Divorce Law (25)

A divorce case is contested if the parties cannot agree on every one of the issues involved in their particular situation. Common areas of disagreement include, but are not limited to: grounds for divorce, custody of the children, visitation rights, division of the assets of the marriage, child support, maintenance (alimony), payment of family debts, contribution toward educational expenses (college or parochial), payment of health insurance for the dependent spouse, income tax structuring, etc When a divorce case is filed, it is given an identification number and is deemed by the court to be a matter that will ultimately require trial time in order to resolve all issues. Divorce cases are generally called for trial in the order in which they were filed. A divorce case remains a "Contested Divorce" until each and every item is resolved. If, however, at any time during that period of the divorce case, the…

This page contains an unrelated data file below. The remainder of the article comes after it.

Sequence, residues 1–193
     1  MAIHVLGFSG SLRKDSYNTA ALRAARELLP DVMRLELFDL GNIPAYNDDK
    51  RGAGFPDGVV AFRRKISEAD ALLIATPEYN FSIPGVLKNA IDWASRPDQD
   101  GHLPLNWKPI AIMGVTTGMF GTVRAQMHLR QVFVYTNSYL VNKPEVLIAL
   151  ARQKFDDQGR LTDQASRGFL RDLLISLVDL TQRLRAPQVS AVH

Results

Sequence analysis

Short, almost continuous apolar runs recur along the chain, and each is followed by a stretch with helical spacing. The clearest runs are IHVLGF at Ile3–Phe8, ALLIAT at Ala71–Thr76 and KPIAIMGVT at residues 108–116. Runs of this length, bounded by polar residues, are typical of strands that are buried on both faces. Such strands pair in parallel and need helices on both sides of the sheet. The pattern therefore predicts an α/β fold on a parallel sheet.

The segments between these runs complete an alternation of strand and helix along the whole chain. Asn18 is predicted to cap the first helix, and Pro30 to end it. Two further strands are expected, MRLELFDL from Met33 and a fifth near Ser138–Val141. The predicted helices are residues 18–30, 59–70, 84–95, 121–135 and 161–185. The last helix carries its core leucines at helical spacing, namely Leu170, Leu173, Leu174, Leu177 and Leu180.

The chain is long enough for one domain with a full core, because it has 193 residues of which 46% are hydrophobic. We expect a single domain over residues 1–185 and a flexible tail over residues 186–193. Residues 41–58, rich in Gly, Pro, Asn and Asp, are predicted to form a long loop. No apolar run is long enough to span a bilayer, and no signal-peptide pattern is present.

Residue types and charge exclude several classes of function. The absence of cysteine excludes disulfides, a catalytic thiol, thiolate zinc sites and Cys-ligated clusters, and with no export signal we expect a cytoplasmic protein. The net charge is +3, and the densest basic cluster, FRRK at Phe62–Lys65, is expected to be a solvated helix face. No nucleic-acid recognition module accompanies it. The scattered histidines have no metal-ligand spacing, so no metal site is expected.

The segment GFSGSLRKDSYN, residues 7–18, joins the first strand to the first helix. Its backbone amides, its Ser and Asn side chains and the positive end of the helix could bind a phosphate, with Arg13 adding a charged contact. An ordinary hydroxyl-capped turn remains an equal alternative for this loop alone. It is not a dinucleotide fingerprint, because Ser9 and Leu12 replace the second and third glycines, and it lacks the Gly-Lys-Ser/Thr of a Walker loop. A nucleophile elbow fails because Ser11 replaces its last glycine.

Divorce (or the dissolution of marriage) is the final termination of a marital union, canceling the legal duties and responsibilities of marriage and dissolving the bonds of matrimony  between the parties. In most countries divorce requires the sanction of a court or other authority in a legal process. The legal process for divorce may also involve issues of spousal support, child custody, child support, distribution of property and division of debt. In most jurisdictions, a divorce must be certified by a court of law to become effective. The terms of the divorce are usually determined by the court, though they may take into account prenuptial agreements or postnuptial agreements, or simply ratify terms that the spouses may have agreed to privately. In the absence of agreement, a contested divorce may be stressful to the spouses and lead to expensive litigation. Less adversarial approaches to divorce settlements have recently emerged, such…
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